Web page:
I'd go the small inverter option. I have an 18V DC supply charger and a 12V AC supply charger that has (ironically) no 12 volt DC supply version available. With a small inverter, the efficiency losses aren't worth losing sleep over. I find the best policy when the energy budget is tight is to charge the tool batteries when there is plenty of power available; Marina, middle of the day solar, engine running etc.
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Old 20-11-2019, 18:46   #11
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Re: Bypassing Inverter for DC > DC charging

That hobby charger is great for RC batteries, but in your case needs DC input not AC.

Again, be specific about what you want to power and/or charge, there is no one "suits all" device.
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Old 21-11-2019, 02:15   #12
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Re: Bypassing Inverter for DC > DC charging

If your device draws DC from a 110v/DC wall wart or brick converter you can bypass these converters and connect boat battery power to your device directly thru a DC/DC step-down buck converter. Buck converters are highly efficient. These devices give you adjustable output voltages to suit your device. Check amp ratings of your devices compared to buck converter. Typically converters delivering low amps are just circuit boards, med amp boards have heatsinks and the higher amp boards will have multiple heat sinks and/or fans.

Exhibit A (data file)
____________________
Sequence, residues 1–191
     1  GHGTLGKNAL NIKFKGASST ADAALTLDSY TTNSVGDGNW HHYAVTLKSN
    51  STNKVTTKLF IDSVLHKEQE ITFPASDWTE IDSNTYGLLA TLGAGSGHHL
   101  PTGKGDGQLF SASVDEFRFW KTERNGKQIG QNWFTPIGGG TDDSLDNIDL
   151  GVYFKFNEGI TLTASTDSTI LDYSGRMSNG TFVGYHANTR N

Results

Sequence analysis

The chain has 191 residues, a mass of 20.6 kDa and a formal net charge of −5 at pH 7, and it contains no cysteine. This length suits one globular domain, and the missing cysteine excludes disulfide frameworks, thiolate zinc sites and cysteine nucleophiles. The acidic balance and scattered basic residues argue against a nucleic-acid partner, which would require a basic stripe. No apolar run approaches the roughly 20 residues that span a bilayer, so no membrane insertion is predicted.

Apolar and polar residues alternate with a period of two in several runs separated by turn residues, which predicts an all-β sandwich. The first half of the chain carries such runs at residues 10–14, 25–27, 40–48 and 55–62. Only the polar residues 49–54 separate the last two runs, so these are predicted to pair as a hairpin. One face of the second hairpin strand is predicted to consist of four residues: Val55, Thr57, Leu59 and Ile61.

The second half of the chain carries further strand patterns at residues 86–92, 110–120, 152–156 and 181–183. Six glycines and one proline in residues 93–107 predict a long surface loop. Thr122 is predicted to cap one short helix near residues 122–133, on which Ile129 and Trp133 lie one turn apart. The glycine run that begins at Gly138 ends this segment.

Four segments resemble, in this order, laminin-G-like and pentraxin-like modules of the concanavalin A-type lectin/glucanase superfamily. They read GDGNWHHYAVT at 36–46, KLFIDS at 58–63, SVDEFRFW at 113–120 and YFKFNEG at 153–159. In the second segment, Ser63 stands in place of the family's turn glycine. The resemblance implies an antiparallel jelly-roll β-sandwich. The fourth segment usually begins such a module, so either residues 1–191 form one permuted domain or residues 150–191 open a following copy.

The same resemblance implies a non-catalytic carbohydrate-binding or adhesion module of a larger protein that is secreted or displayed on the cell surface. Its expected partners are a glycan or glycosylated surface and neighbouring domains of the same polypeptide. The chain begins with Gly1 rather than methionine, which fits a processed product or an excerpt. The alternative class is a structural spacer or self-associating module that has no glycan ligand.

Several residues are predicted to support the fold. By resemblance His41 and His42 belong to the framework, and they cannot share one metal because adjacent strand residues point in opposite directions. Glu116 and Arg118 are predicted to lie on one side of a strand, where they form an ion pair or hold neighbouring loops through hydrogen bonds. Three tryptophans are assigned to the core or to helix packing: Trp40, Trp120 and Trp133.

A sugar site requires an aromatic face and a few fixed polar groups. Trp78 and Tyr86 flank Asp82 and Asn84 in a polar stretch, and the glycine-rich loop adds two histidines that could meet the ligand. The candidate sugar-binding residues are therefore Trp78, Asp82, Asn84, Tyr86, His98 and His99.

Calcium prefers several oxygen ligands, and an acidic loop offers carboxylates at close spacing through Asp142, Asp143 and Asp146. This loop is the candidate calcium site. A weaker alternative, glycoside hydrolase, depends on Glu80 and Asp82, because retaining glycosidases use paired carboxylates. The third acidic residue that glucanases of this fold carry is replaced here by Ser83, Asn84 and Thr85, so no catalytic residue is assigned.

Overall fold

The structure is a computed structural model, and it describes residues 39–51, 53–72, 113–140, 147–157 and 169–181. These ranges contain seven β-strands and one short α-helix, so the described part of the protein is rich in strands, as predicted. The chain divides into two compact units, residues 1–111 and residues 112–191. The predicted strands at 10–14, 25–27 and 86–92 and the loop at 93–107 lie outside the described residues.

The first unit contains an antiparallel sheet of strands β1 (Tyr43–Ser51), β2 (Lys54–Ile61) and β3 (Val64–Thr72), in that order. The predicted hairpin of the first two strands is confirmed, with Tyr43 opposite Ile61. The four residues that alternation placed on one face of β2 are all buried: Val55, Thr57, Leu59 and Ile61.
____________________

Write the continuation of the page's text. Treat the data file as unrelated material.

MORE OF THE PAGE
You need to be a bit of a hobbyist to use them as they are, in most cases, just circuit boards. My son has 3D printed a nice case for the boards I am using. It's a fun project yet very useful.

https://www.amazon.com/DROK-Adjustab...4326179&sr=8-5

I don't use the board above as It's too fancy. Lol. However, I do use Drok. They have lots of different types of boards. Like I said, a fun project. Don't forget to add a fuse.
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Old 21-11-2019, 02:27   #13
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Re: Bypassing Inverter for DC > DC charging